The glimpses of 1938 within provide some balance to rejuvenated features.
There are times when the historical roots of New England, which granted are quite obvious with about five minutes of thought, pop up in unexpected places. Cantab Lounge is one of those places, a Cambridge dive bar put up for sale after the pandemic that, like many of the other great Boston dive bars nearby, traces its history back to just north of Prohibition, an unassuming dive bar in the middle of a block that still claims such rich history.
Opened in 1938, Cantab Lounge’s history is long intertwined with live music, bluegrass music nights a staple over the decades, in addition to spoken word as home of the Boston Poetry Slam for many years. The pandemic, unfortunately, proved to be a big enough disruption in the flow of live performance that the bar’s previous owner, in the post for over half a century, decided to sell. New ownership was found, the liquor license transferred and pledges were made to ensure that the dive bar charm of the previous Cantab Lounge incarnation would be respected.
As with any great dive bar, the words ‘sale’ and ‘renovation’ can spark fear in the hearts of locals and regulars, and though Cantab’s renovation certainly shines through in new paint and fresh flooring, it’s easy to see the heart of the dive bar that has made it a Central Square institution. Gone are the decades of smoke-soaked (at one time) walls and beer-soaked (always) floors, replaced in a way that takes away some of the dusty appeal of the space but leaves a freshened up live music joint to preserve the location’s tradition.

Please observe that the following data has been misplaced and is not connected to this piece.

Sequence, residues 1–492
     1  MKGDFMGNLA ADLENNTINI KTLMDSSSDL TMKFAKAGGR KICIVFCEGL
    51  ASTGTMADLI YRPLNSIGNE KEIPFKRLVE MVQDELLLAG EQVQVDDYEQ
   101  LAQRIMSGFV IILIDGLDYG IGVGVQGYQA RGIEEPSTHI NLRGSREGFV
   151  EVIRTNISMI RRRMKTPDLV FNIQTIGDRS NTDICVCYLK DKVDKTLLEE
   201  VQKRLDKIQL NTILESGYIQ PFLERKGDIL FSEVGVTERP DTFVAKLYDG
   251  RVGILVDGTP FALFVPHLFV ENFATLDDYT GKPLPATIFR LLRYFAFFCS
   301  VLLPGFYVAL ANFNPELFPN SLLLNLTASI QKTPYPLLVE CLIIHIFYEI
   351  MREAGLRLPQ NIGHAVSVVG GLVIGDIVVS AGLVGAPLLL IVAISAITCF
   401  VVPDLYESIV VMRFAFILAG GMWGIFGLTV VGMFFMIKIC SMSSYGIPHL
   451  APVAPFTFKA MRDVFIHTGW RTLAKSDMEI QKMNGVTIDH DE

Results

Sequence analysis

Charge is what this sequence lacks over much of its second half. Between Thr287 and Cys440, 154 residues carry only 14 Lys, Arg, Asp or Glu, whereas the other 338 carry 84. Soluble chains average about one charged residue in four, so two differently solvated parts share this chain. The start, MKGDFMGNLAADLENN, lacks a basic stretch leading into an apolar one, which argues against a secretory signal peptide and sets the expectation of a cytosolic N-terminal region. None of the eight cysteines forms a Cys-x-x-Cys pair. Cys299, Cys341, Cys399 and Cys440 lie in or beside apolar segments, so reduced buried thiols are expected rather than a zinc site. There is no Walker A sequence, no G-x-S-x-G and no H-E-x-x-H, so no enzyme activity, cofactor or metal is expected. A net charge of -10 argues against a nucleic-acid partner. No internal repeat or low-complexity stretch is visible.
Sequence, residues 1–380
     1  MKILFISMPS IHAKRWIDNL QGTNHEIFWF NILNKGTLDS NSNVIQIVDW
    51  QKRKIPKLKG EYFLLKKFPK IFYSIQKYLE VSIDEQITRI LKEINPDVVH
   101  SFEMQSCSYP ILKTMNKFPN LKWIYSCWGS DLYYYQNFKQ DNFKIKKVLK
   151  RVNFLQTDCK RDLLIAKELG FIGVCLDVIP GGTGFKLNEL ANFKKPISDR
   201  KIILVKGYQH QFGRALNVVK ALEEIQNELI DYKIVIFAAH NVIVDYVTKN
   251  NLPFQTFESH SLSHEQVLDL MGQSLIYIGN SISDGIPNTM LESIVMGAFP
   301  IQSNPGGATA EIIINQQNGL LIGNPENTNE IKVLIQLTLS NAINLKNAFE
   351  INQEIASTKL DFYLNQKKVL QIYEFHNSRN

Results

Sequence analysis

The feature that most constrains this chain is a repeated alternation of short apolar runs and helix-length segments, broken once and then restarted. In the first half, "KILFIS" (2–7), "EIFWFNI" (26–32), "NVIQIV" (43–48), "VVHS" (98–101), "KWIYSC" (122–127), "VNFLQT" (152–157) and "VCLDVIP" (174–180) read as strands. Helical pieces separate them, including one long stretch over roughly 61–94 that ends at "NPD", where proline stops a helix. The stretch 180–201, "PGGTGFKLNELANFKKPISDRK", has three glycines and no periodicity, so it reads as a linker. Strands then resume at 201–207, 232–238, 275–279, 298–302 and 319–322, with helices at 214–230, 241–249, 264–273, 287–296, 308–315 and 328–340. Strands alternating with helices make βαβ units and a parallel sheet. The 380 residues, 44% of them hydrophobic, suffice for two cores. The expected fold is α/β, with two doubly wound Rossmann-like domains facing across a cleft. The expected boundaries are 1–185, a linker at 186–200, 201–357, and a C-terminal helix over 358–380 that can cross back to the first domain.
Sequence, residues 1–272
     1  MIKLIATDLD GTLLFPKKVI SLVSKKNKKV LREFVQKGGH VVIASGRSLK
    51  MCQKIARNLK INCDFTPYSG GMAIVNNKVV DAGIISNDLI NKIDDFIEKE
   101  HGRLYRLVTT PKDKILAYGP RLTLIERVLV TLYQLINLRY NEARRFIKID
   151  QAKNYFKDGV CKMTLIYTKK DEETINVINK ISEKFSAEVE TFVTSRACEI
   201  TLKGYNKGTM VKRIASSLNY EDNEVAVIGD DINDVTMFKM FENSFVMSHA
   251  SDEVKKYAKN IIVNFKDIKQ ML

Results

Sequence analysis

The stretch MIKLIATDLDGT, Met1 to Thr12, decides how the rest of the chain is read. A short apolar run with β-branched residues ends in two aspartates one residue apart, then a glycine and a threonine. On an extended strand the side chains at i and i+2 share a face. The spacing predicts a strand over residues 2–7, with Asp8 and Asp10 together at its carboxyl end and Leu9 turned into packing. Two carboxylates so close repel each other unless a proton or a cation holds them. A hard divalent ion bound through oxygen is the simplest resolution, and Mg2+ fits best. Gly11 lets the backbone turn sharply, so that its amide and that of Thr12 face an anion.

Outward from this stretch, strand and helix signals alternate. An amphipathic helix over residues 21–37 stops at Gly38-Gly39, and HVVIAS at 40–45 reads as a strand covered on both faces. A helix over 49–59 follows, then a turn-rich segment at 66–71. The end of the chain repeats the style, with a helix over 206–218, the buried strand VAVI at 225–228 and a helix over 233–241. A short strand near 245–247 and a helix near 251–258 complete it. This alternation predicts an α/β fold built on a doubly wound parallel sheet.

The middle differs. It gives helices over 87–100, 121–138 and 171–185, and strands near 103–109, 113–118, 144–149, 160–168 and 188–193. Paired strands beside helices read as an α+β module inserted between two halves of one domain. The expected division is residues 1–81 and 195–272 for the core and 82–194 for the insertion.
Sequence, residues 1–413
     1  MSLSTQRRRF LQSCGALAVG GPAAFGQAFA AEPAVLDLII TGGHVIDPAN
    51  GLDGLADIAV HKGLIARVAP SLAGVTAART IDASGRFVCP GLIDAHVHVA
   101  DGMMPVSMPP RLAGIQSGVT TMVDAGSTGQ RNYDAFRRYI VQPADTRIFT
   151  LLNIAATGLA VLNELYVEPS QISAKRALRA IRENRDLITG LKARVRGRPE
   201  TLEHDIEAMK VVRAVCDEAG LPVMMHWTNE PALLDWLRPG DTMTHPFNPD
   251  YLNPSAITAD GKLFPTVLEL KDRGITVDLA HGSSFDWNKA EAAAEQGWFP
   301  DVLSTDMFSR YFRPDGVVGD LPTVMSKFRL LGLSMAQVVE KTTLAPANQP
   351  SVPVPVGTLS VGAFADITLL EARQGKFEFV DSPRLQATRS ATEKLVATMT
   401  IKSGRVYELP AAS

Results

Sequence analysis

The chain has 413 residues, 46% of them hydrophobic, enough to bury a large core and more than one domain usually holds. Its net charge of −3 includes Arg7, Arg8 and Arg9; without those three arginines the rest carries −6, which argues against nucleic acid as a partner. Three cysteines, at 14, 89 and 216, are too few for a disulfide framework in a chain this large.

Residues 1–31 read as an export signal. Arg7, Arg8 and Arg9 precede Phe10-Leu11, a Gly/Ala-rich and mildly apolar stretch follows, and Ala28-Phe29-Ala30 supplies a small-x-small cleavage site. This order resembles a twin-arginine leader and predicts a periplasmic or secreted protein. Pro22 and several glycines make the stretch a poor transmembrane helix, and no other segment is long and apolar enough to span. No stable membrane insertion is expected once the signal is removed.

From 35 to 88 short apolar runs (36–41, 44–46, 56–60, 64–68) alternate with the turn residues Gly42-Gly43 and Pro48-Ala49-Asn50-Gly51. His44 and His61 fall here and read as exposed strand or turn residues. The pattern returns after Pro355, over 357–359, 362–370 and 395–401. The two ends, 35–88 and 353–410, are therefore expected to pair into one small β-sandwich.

Inside, the investment in renovating the space is clear. Outside, the touches are a little more subtle, an ancient awning still standing over the front door inscribed with old school “Cantab Lounge” lettering. Some of the stone work has clearly been improved and a drop or two of paint might have been spared to some of the trim, but walking by, Cantab Lounge is no modern, run-of-the-mill bar. The character of 90-plus years of serving the Cambridge community can be seen and its preservation is a success in the hands of new ownership.
The footprint isn’t complicated, a long bar down one wall of the space, a dance floor and stage opposite. Vintage Budweiser stained glass-style lighting hangs over the refinished bar, another nod to the old in this new version of the Cantab. The walls have been refinished, a minimal amount of beer signage distributed throughout Cantab, a clean look rather than the classic cluttered dive bar menagerie of faded photographs.
Behind the bar, some additional shots of character, what looks to be bits and pieces of original woodwork still employed to hold the liquor bottles and glasses. Christmas lights drape from the ceiling, extending into the dance floor adjacent to the elevated stage that hosts live music every night of the week, a claim to fame that has come as part of the Boston dive bar’s rebirth. The stage may be a touch small but by dive bar standards it is spacious, room for any number of live music configurations. On this reviewer’s first visit, the dance floor was well stocked on a weeknight, a good sign that the rebirth of the Cantab Lounge has drawn the crowd needed to keep the space alive.
And with all of that preamble, learning that the Cantab Lounge has been open since 1938 is a bit surprising. While the exterior wears some of those decades well, the refreshed surfaces inside hide some of the longevity that has made the space so iconic in the Central Square neighborhood. If that’s a trade off to keep this Cambridge dive bar alive, it is a good one, and given that the deal also brings back a vital live music spot in still historical surroundings, there can be little to complain about.